So the next few years look unlikely to hold much constancy for me, and I’m surprised to now notice in myself not just excitement, but also exhaustion, at this thought. 
After all my experience of moving, I know the joy of engaging with and learning from people with a different culture and worldview to mine – but I also know the frustration of not being able to fully express myself and being misunderstood because of language and cultural barriers. 
I know the thrill that comes from exploring new places and experiencing a new way of life – but I also know what it feels like to be lonely and homesick. 
And when I say ‘homesick’, what I mean is not a longing for a particular place or particular people, but for a particular feeling – one of rest, of belonging, of being seen and understood for who I really am, and accepted and loved as such. 
Stay tuned for Part 2 tomorrow!

[31 Days] Day 18 Know

It’s Day 18 of the 31 Days in the Life of a TCK series! Welcome! You can find more info on the series here. Don’t forget to subscribe!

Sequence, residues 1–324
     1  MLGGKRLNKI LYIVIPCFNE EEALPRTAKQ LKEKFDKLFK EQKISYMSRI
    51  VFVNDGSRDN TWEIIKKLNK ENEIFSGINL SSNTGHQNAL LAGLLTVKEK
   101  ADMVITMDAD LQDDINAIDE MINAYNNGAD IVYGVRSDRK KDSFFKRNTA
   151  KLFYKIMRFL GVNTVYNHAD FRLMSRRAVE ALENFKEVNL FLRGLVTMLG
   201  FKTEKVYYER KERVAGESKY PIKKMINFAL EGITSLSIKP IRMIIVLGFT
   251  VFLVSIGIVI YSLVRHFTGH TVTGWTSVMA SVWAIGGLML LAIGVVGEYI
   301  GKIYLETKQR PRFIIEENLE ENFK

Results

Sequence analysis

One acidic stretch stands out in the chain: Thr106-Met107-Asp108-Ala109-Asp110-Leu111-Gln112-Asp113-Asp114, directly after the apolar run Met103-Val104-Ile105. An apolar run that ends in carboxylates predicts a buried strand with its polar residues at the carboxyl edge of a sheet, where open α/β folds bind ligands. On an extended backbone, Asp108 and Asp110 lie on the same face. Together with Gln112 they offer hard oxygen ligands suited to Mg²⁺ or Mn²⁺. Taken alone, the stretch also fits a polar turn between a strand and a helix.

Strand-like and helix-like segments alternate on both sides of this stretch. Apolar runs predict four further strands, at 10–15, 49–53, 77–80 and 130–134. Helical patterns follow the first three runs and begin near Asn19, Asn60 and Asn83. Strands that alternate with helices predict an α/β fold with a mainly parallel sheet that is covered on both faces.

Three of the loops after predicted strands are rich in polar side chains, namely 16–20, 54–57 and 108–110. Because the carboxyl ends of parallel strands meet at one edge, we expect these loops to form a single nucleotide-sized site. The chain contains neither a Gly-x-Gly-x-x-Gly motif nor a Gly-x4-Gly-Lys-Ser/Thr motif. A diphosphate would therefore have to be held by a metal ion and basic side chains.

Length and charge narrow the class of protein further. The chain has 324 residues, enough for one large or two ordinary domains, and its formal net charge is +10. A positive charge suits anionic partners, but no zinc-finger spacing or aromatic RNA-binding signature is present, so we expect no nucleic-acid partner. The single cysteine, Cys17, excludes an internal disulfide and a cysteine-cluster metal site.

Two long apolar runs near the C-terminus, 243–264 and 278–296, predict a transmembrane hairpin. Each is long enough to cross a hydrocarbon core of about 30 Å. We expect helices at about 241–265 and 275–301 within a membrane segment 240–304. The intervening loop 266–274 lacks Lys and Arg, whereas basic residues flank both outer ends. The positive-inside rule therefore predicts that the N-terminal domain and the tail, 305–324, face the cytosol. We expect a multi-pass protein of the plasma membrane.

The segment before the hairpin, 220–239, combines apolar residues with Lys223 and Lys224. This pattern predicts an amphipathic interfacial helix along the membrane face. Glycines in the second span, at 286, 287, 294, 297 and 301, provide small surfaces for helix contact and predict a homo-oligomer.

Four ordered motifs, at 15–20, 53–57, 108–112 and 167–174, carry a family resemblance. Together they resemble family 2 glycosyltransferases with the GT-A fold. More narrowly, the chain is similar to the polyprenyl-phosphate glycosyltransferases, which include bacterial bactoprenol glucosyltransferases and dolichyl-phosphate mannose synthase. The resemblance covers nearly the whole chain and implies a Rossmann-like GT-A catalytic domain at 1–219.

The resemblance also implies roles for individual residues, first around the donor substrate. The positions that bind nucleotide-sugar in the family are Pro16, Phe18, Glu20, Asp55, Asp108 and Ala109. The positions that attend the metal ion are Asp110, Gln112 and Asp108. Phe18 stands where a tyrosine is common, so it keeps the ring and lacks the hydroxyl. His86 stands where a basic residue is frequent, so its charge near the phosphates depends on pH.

Ebola crisis in West Africa. 
Cruel killings in Syria and Iraq. 
Suicide bombs in Afghanistan. 
Corruption about minerals in Congo. 
Civil War in Sudan. 

Those are headlines in newspapers or TV stations. 
News about some people in some countries. 

But they’re not. 

For us, they’re friends, beloved faces in familiar countries. 
And these are not just headlines we can scroll past, these are terrible news from places we have grown to love and know all too well. 

We know too much to not care. 

We have seen too much to just close our eyes and ears.